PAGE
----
Sunday, May 21, 2006

Editorial: Here it comes, here it comes again

Have you ever felt the sound of disappointment?
It pounds in your head like hammer blows.
Comes on gentle and smiling
And it likes to leave a scar.
-- "Here Comes That Sinking Feeling," written by Dave Stewart and Annie Lennox, on Eurythmics' Be Yourself Tonight

What's it mean when even the usually compliant press can't outright pimp another wave of Operation Happy Talk for the Bully Boy? Maybe that the whole farce has been exposed?

We've been told that a change was coming, a corner about to be turned (or turned!) so many times that even the press has grown immune to the minute cosmetic changes made an attempt to hide the realities on the ground of the illegal occupation.

Having missed his own self-imposed deadline, Prime Minister Nuri al-Maliki couldn't miss the constitutionally imposed deadline (tomorrow) to get his cabinet together. So he got it together.
Kind of, sort of. If getting the cabinet together means leaving posts vacant.

From "Iraq Gets New Government as Bombs Kill 24" (Reuters via Truth Out):

Iraq's parliament finally approved a new national unity government on Saturday, ending months of deadlock as bomb attacks that killed 24 people served a grim reminder of the security challenges it will face.
Prime Minister Nuri al-Maliki's cabinet was approved by a show of hands, minister by minister, after a turbulent start to the parliamentary session, when some minority Sunni leaders spoke out against the last-minute deal and several walked out.
Eleventh-hour battles over the key posts of interior and defense left those jobs vacant for now, filled respectively by Maliki, a tough-talking Shi'ite Islamist, and his Sunni deputy premier, Salam al-Zobaie.

Or take this news of Sunday in Baghdad "Bomber Kills 12 in Baghdad Restaurant" (Associated Press):

A suicide bomber killed at least 12 people and injured 14 after detonating his explosive vest inside a downtown Baghdad restaurant popular with police officers, police said.

B-b-but, they just formalized their cabinet!

And it doesn't mean a damn thing's changed.

A lack of cabinet was as unimportant to reality as people waving blue fingers at the cameras. The occupation is the problem. An illegal war led to an illegal occupation where oil fields can garner protection but the people are on their own. Actually, the occupation has alternated leaving them alone with attacking them. Attempting to decimate the unions, attempts to destroy the food subsidies programs, no urgency to address the very real problems of a lack of potable water . . .

But there was time for the occupying powers to court corporations, to hold trade conventions, to install exiles into powerful positions as though anyone who lived in Iraq and stayed in Iraq lacked the competency for leadership.

As one exile after another came to power, it's no surprise that the occupying power's puppet government had little legitamcy (or does now). Just as Iraqis weren't judged comptent enough to rebuild their country (contracts went to foreign companies), they weren't judged competent enough to lead.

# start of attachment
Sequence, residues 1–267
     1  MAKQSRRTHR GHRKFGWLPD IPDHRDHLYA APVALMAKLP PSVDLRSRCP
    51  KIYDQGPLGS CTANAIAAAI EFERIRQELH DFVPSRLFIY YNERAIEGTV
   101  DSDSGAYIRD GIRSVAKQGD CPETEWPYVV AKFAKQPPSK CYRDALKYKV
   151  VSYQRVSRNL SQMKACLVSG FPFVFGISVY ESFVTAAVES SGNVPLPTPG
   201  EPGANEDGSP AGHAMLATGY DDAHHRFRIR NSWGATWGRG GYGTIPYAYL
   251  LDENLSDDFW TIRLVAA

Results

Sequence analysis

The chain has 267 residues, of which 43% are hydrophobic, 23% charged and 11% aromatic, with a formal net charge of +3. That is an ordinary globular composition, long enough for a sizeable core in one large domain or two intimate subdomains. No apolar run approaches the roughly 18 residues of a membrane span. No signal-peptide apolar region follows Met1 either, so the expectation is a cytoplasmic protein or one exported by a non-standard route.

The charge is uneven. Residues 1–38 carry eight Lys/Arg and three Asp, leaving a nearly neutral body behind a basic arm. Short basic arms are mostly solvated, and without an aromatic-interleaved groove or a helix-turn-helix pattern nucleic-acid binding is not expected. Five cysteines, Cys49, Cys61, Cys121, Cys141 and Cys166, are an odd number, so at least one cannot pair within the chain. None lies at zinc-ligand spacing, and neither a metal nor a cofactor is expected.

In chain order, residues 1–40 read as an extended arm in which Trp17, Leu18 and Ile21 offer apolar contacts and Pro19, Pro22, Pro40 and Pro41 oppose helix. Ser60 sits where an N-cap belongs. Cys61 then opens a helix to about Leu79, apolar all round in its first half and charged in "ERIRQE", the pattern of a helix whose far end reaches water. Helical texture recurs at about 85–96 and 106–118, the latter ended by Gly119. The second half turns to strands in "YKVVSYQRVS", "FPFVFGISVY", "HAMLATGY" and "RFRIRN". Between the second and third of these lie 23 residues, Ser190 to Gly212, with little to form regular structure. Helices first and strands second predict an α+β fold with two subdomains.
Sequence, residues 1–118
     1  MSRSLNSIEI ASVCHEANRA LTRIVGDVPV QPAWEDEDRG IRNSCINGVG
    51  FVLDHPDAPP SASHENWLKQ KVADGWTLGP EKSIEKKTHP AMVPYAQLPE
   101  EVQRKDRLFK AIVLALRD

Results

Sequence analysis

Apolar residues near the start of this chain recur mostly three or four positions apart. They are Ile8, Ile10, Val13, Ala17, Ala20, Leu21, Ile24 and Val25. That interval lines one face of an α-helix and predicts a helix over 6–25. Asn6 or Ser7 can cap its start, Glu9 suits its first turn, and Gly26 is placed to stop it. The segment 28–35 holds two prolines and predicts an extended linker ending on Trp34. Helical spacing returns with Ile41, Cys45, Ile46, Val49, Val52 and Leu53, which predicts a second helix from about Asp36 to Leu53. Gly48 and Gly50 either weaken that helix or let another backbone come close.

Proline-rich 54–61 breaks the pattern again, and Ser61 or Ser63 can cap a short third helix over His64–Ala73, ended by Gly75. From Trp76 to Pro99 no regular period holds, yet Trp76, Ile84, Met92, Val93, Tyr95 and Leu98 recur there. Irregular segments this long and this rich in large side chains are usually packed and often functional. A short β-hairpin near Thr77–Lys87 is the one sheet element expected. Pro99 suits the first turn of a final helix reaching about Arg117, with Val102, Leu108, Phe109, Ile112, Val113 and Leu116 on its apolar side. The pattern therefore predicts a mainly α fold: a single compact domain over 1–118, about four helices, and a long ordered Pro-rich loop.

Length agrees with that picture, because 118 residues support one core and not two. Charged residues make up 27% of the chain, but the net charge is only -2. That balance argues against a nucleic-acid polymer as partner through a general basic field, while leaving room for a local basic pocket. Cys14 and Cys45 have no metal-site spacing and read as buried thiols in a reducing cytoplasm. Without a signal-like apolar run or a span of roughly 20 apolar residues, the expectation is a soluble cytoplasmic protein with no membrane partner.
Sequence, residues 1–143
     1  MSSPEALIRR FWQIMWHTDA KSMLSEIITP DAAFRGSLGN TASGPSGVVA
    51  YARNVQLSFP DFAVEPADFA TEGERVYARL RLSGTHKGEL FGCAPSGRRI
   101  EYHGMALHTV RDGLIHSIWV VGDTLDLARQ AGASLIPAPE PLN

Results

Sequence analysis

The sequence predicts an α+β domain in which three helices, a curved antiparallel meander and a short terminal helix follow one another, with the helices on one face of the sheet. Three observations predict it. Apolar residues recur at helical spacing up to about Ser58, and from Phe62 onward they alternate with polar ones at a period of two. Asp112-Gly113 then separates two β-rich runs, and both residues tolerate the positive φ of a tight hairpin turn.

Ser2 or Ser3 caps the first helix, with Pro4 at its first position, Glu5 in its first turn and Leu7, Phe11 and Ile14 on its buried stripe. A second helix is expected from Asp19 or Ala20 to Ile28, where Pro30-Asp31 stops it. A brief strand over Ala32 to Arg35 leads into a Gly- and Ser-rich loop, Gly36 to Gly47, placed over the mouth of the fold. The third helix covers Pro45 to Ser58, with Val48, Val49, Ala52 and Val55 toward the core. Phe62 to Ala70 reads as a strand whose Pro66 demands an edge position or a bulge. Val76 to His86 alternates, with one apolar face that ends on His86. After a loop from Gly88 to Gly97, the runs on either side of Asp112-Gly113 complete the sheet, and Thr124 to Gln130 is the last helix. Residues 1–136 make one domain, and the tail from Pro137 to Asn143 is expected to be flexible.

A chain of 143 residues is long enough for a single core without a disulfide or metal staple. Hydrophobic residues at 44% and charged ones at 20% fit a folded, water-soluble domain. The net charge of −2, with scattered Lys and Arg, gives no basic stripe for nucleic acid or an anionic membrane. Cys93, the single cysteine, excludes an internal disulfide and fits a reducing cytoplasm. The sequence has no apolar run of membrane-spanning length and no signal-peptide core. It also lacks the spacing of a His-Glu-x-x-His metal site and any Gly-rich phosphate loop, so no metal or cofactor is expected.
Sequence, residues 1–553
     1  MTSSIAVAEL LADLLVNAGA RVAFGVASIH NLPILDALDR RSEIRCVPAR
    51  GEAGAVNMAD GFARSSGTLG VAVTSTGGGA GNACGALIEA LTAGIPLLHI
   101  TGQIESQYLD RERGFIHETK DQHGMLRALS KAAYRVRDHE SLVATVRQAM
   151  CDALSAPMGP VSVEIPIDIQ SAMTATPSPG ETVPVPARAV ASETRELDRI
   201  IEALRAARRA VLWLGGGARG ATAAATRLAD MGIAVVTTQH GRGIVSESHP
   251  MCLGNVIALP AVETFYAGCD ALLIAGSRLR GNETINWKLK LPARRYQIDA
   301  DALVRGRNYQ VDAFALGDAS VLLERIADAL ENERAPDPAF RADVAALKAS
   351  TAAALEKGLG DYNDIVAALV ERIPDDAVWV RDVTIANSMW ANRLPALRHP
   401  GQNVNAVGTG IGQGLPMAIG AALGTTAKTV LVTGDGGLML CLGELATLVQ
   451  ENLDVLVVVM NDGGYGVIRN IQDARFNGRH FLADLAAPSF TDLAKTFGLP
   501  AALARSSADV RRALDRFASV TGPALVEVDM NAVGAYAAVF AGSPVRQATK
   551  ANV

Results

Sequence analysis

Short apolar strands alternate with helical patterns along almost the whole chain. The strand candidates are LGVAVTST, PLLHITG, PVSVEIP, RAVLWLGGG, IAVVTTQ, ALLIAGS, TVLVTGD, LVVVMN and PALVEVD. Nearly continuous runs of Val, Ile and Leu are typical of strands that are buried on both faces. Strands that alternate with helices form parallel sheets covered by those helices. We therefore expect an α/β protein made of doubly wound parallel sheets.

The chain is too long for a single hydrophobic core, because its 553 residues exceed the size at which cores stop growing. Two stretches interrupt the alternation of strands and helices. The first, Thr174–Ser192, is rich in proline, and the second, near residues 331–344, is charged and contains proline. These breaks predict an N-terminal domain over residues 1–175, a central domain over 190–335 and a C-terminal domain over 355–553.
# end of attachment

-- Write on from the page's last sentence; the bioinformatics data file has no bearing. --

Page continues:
But Bully Boy & co. want to wonder why the Iraqis haven't gotten on board with their plan -- "their plan" meaning the American administration's plan.

As Iraqis continue to flee their own country, we're left with reports (applauded by some) stating the known and the obvious -- such as the fact that Bully Boy's 'plans' didn't include the needed training for police officers. Applauding that crap (which runs in this morning's New York Times) is like applauding the nonsense as anything coming out of the Bully Boy's mouth.

The corpses turning up didn't just pop up. They were part of the "Salvadorian option" the adminstration began speaking of in 2004. This nonsense about front paging that Bully Boy didn't plan for the security 'after the war' ignores the reality that the war was built on lies and ignores the realities of who is killing whom.

The mainstream press may be too smart to once again spin the wave of Operation Happy Talk in terms of turned corner -- but what they offer is dickering attempting to pass for real critiques and real explorations.

It's not. If you got a $750 utility bill, wondering if you should switch to a soft light bulb isn't addressing the problem. It's a smoke screen that pushes the spotlight elsewhere.

Which is what the mainstream press does today. Still refusing to acknowledge the illegal nature of the war, still refusing to acknowledge the illegal nature of the occupation and still refusing to acknowledge the lies that got us into war (and acknowledge them as lies).

What they dole out today is small portions of reality, just enough to make readers think the press has woken up. They haven't. Consider it Operation Semi-Happy Talk -- we now know (in the fourth year of the invasion) what we did wrong! We can fix it!

Considering that every "fix" (including the original one -- the invasion) has only made things worse, the current press coverage doesn't strike us as reality. An approximation perhaps, but not reality.

"UNICEF: 25% of Iraqi Children Suffer Malnutrition" (Democracy Now!):
Meanwhile, a survey carried out by the Iraqi government and UNICEF has concluded a quarter of all Iraqi children suffer from malnutrition.
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